In a lecture, recorded on Youtube, Gil Kalai presents a 'deduction' for why topological quantum computers will not work. The interesting part is that he claims this is a stronger argument than the argument against fault tolerant computing in general.
If I understand his argument correctly, he states that
A (hypothetical) quantum computer without quantum error correction can simulate the system of anyons representing the qubit in a topological quantum computer.
Therefore, any quantum computer based on these anyons must have at least as much noise as a quantum computer without quantum error correction. As we know that our noisy quantum computer is insufficient for universal quantum computation, topological quantum computers based on anyons cannot provide universal quantum computation either.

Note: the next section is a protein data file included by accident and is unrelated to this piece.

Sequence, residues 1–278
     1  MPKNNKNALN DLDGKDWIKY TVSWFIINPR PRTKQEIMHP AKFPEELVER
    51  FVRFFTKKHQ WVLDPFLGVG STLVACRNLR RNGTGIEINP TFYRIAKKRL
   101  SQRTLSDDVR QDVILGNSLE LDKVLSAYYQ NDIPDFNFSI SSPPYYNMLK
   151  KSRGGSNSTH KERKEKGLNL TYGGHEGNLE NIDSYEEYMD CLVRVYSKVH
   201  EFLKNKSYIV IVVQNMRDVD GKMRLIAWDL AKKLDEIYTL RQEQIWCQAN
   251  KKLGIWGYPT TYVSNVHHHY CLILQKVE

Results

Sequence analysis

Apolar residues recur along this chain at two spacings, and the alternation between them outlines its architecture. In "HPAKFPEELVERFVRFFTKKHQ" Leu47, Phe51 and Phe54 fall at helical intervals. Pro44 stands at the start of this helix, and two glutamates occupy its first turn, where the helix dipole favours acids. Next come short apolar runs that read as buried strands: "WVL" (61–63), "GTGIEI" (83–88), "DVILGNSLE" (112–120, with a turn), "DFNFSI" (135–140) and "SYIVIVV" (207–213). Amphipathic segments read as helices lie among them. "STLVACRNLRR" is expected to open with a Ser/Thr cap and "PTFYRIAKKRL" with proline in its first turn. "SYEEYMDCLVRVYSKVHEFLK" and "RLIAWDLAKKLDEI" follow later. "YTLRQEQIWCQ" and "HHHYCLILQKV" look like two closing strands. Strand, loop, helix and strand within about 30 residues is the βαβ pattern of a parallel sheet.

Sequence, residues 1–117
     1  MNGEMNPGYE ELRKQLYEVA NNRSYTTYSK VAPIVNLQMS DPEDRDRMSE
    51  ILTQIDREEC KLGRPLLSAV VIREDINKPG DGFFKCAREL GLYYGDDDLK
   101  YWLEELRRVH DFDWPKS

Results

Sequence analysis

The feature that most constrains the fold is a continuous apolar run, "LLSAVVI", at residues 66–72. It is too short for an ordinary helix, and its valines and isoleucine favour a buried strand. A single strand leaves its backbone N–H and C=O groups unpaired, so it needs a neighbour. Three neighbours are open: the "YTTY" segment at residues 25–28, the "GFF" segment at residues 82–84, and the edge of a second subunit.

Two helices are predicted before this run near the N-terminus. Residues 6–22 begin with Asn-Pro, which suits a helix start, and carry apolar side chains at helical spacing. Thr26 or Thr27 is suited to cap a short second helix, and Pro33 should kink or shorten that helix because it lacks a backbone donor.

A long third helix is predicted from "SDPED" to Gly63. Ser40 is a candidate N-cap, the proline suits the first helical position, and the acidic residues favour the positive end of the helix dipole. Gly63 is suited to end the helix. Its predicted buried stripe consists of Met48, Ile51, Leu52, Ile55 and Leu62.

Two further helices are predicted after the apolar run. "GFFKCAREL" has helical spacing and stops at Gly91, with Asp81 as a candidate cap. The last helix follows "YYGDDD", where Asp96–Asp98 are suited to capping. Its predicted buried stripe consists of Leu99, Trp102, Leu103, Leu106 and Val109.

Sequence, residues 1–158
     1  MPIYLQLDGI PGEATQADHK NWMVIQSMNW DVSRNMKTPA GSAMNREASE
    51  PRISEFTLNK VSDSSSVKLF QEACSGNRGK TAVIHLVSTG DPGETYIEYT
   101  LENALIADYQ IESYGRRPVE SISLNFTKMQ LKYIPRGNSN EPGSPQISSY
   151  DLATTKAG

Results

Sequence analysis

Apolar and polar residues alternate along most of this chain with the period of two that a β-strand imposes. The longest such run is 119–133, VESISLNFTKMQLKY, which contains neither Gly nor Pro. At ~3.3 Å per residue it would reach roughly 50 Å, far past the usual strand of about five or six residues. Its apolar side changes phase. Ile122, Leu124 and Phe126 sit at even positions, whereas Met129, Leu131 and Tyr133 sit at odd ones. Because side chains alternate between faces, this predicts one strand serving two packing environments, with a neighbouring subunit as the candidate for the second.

I think step 2 is sound, but I have some doubts on step 1 and why it implies 2. In particular:
- Why can a quantum computer without error correction simulate the system of anyons?
- If it can simulate the system of anyons, is it possible that it can only do so with low probability and hence cannot simulate the topological quantum computer with the same fault tolerance as the system of anyons?